State officials on Wednesday launched a crackdown aimed at keeping accessible parking spaces clear for the drivers who need them.
Abuse of accessible parking is a growing problem, especially going into the holiday season, and Illinois Secretary of State Jesse White his police force will be out scouring parking lots for scofflaws.
"There is no reason for any individual to take advantage of a place that has been set aside for someone who is truly disabled," he said.
Using a handicap spot without a placard or plate can bring a fine as steep as $350. Using someone else's placard or plate brings a $500 fine.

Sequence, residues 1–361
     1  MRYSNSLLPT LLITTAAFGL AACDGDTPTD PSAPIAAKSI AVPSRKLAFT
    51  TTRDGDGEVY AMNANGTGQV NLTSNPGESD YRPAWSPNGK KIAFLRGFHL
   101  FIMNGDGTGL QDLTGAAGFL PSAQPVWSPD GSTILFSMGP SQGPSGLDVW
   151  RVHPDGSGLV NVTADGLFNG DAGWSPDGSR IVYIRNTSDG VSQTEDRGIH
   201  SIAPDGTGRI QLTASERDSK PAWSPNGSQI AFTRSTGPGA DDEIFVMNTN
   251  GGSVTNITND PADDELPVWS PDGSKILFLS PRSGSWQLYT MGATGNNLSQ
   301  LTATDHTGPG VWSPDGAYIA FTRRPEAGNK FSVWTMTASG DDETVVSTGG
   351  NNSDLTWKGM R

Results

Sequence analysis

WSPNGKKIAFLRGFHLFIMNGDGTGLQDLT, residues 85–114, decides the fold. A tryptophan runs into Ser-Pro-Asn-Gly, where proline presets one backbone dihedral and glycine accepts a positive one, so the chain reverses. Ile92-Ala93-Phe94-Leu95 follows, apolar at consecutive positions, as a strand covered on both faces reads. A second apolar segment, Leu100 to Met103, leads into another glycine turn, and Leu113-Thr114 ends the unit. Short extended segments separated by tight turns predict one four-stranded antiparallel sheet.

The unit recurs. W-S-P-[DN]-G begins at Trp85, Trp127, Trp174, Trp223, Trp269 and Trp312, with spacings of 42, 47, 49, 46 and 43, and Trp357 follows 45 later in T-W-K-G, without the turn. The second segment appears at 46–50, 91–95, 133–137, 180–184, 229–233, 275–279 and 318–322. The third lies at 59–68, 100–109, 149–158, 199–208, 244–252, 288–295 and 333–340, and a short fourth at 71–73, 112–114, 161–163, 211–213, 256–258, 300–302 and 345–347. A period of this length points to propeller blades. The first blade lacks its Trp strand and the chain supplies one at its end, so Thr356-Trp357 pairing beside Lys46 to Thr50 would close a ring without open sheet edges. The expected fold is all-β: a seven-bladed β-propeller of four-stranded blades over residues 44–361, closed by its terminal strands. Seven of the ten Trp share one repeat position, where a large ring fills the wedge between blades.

A new law takes effect Jan. 1, 2011 that strengthens penalties to property owners who fail to keep their accessible parking spaces and access aisles clear after being notified by local police or code officials about an obstruction in their accessible parking spaces, according to the release. The legislation was an initiative of the Greater Illinois Chapter of the National Multiple Sclerosis Society.
In Illinois, there are more than 443,000 placards and approximately 84,000 disability license plates.
Anyone who notices a handicap parking abuser can call White's office at 217-785-0309. Notate the vehicle's placard and license plate numbers, as well as the vehicle's location. Reports can also be filed online at CyberDriveIllinois.com.